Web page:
If you complain of--or really, even mention-- anything related to any body function to my mother, be prepared for one reply:
"What have you been eating lately?"
Whether it's a slight tickle in your throat, a left molar that's aching, a slower pace on your jog or even a bad hair cut, Mom knows what's wrong:
"Obviously you haven't been getting the right nutrients. Let me mix you a vitamin cocktail right this minute."
Your complaint IS certain to be related to malnutrition--even if you can trace the ailment back to an actual event. "But Mom!" you protest. "My leg is broken because I FELL BACKWARDS off the BACK FENCE while CHASING THE CAT with my ROLLER BLADES ON! This has NOTHING TO DO with food!!"
"Your bone would never have snapped if you'd been getting your vitamin D, and calcium," she'd reprimand us. "Here's a shake with everything you need."
Since an early age, I've been skeptical of food--probably because of an infamous experience (caught on video) in which my parents laugh until they cry as they feed baby-Dia mashed potatoes and ice cream alternately. I became increasingly frustrated at this confusing food which was AMAZING one minute and boring the next.
A few years later, I came home from a birthday party completely befuddled at the menu choices there. "MOM! There were muffins, but they were SWEET, and they had frosting, like CAKE, and sprinkles!!!..." The same week, my sugar rushing little brother tried to explain that he had eaten "mom, bagels, mom, but they were yummy, and had, um, they had FROSTING on top, and they had jam inside, and, MOM! Mom. What were those mom, huh? Huh Mom?"
I remember scouring the cereal aisle with my little brother for a new breakfast cereal that fit Mom's criteria. Sugar had to be the third ingredient or lower, and exist in lower quantities than 4 grams per serving. We were SO excited when we found we could have Kix--it was a great addition to our usual breakfasts of plain oatmeal ("sprinkle on ground flax, and pretend it's brown sugar!!"). We were in heaven when we got to visit cousins--their kitchens were motherloads of Lucky Charms, Capt'n Crunch and even--no!--Cookie Crunch (COOKIES for BREAKFAST?! ARE YOU KIDDING ME?!)! I'm sure my aunts wondered why "Ian and Dia just want cereal for dinner again," but it was just such a marvel to have that much sugar in one bowl!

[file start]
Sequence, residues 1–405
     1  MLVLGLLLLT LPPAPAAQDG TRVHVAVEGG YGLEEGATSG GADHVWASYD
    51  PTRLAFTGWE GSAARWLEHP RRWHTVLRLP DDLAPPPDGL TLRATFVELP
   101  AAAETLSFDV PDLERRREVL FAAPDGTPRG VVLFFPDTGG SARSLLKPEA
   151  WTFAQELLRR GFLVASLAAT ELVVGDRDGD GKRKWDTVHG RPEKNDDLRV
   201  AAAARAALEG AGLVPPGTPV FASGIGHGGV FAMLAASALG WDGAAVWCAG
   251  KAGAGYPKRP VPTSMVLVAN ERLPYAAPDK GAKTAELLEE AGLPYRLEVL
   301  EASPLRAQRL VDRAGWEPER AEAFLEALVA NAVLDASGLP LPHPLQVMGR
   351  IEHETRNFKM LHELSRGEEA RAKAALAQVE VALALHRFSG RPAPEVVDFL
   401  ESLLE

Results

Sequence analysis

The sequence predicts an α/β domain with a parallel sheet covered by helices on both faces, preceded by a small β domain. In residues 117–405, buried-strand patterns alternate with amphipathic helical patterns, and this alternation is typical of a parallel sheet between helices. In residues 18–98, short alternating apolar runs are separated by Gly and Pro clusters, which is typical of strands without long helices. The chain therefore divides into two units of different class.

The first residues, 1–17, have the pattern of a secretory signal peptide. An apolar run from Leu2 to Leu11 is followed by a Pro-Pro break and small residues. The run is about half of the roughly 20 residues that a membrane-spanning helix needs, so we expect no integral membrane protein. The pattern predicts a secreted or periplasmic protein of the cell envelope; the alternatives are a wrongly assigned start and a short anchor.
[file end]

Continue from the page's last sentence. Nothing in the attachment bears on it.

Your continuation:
Later in life, I remember dreading the fresh, foamy shot glass of lawn-green wheat grass waiting next to my whole grain, honey pancakes and icy orange juice (Don't let it's innocent orange color lull you. It is another flax-seed hideout). The tiny, emerald glass of frothy liquid was the most disgusting, gag-inducing torture I've ever experienced. Mom made the distressing drink by blending clippings from her wheat grass plant, straight up. The resulting refreshment often left a cud like flavor under your tongue and a few forgotten, un-blended blades of grass stuck to the roof of your mouth--a GREAT beginning to the day.
However, the nutritional benefits were "absolutely worth it!" exulted Mom every morning. "One tablespoon of this amazing stuff has the benefits of an entire POUND of vegetables, kids! Isn't that awesome?!"
In the interest of nutrition, Mom ground her own wheat, grew her own herbs and concocted her own mixes. She stored flax, sprouted beans, and later, when she discovered wheat hurt her babies, she learned how to bake with teff, quinoa, corn meal, amaranth, and a little kitchen miracle called xanthum gum.
You can get used to anything, I guess. I know, I did and in the process, I learned that food affects health--of course because of my disease, and the food induced diseases that accompany it, diabetes, lupus, IBS, acid reflux, and stomach and esophogeal cancer.
However, food affects health in all kind of other ways, too. I knew before doctors did that cough syrups are worthless and that colds are best fought with vitamins C and B, echinacea, and enough liquids to drown a horse instead. I'm a firm believer that acne is cured with an enzyme(Lysine), not Accutane, and that enough leafy greens chase away cancer cells. Carbonation will ruin your bone marrow, Omega 3 keeps the brain and heart healthy, and artificial sweeteners have direct ties with communism and devil-worship.
I've adopted Mom's philosophies, and if I have my way, my kids will never have a formal introduction to sugar until their freshman biology class reveals the unique qualities of sucrose.